13. While working inside the mold containment area, always wear effective protective gear such as protective biohazard suit. [$10 at safety stores] or painter's coveralls and booties or a long sleeve shirt and pants; gloves; and  a one piece, full face breathing respirator mask using an organic vapor cartridge filtration, available from local safety, hardware, and home improvement stores. You also need such personal protective gear when you spray Mold Home Remedy Recipes], followed up with the EPA-registered fungicidal coating or with a low-cost, homemade antimicrobial coating   Here are more details on advisable personal protective gear---

  • Protective biohazard suit. [available at Mold Mart] or painter's coveralls and booties, or long sleeve shirt and pants.
     

  • Gloves: either disposable latex or good work gloves. "Long gloves that extend to the middle of the forearm are recommended.  When working with water and a mild detergent, ordinary household rubber gloves may be used.  If you are using a disinfectant, a biocide such as chlorine bleach, or a strong cleaning solution, you should select gloves made from natural rubber, neoprene, nitrile, polyurethane, or PVC. Avoid touching mold or moldy items with your bare hands," recommends the U.S. Environmental Protection Agency.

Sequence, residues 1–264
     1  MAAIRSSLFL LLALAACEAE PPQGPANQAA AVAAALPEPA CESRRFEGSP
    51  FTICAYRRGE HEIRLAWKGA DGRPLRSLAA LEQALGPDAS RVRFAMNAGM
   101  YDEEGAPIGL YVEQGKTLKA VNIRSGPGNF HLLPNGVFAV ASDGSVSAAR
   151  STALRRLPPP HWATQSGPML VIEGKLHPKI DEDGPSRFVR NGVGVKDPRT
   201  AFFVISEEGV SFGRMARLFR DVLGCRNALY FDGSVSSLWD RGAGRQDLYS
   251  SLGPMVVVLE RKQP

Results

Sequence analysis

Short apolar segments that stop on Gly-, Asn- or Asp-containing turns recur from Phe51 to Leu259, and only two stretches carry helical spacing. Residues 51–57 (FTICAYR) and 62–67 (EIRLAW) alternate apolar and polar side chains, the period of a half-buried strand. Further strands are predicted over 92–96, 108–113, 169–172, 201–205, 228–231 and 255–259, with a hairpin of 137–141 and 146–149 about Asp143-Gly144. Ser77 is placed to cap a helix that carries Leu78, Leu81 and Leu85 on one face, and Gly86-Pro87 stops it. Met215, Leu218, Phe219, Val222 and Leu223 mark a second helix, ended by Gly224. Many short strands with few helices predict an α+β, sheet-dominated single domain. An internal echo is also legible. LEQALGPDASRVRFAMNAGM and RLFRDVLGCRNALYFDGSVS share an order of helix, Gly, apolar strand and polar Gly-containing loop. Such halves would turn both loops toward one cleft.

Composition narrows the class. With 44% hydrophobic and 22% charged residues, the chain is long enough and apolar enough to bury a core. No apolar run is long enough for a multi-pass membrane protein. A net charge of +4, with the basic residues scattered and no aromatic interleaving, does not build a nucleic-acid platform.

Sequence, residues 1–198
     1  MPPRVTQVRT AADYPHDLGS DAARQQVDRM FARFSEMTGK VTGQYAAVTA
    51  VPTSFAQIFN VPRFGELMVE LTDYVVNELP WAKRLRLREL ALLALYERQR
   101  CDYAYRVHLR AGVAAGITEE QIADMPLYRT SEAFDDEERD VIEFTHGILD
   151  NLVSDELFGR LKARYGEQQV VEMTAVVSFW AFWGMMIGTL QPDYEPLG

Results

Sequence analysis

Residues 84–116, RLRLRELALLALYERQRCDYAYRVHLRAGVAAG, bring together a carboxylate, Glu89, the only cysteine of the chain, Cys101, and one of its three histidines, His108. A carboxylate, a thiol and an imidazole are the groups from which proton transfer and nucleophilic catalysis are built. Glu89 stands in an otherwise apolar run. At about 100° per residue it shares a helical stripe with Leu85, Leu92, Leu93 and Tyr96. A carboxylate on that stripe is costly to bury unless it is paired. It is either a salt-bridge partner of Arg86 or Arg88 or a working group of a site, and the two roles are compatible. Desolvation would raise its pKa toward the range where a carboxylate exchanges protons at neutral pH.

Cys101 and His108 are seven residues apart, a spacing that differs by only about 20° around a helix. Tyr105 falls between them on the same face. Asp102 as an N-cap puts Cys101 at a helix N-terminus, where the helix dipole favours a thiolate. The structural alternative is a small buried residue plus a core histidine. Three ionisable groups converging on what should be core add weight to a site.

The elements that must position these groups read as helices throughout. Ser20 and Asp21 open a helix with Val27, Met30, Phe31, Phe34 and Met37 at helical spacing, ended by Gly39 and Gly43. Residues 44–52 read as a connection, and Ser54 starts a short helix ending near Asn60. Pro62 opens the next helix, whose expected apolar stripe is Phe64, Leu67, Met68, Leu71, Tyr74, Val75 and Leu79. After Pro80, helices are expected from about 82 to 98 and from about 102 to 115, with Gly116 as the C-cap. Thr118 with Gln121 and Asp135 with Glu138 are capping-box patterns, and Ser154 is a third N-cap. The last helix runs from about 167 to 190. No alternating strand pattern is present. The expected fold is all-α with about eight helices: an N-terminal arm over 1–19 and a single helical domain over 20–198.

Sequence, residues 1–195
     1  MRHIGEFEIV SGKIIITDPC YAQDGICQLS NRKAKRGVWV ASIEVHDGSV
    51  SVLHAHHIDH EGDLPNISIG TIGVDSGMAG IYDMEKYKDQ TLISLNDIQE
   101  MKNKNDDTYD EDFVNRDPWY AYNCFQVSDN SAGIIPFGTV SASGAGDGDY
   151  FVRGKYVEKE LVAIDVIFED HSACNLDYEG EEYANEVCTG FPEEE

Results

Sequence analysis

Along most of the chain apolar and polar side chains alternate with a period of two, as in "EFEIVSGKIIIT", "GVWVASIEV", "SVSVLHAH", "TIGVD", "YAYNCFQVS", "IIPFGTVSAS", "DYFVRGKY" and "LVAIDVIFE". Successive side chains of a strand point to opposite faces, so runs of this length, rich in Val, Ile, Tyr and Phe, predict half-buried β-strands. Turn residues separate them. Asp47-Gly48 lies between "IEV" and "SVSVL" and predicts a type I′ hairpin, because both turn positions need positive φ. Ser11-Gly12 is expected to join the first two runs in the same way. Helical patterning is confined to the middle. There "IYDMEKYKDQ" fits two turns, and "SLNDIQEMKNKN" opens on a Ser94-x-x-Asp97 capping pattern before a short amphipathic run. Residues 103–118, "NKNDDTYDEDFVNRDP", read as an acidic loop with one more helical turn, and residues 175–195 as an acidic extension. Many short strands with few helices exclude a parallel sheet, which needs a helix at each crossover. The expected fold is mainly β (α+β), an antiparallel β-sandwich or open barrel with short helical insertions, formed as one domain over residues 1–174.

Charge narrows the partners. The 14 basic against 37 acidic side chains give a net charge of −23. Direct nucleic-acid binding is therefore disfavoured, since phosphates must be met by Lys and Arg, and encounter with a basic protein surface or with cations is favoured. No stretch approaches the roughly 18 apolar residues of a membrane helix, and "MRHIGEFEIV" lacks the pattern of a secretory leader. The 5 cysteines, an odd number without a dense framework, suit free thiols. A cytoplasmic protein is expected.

• Avoid breathing in mold or mold spores. Wear a 3M brand one piece, full face breathing respirator mask using an organic vapor cartridge filtration, available from your local safety store, Home Depot, Lowe’s and other home centers and hardware stores. Alternatively (but less comfortable in your ease of breathing) you can use hole-free Chem-Splash eye goggles ($4) along with a separate breathing mask with cartridge filters ($30) from the same stores. Alternatively, "In order to limit your exposure to airborne mold, you may want to wear an N-95 respirator, available at many hardware stores and from companies that advertise on the Internet. (They cost about $12 to $25.)  Some N-95 respirators resemble a paper dust mask with a nozzle on the front, others are made primarily of plastic or rubber and have removable cartridges that trap most of the mold spores from entering.  In order to be effective, the respirator or mask must fit properly, so carefully follow the instructions supplied with the respirator.  Please note that the Occupational Safety and Health Administration (OSHA) requires that respirators fit properly (fit testing) when used in an occupational setting; consult OSHA for more information (800-321-OSHA or osha.gov," advises the U.S. Environmental Protection Agency.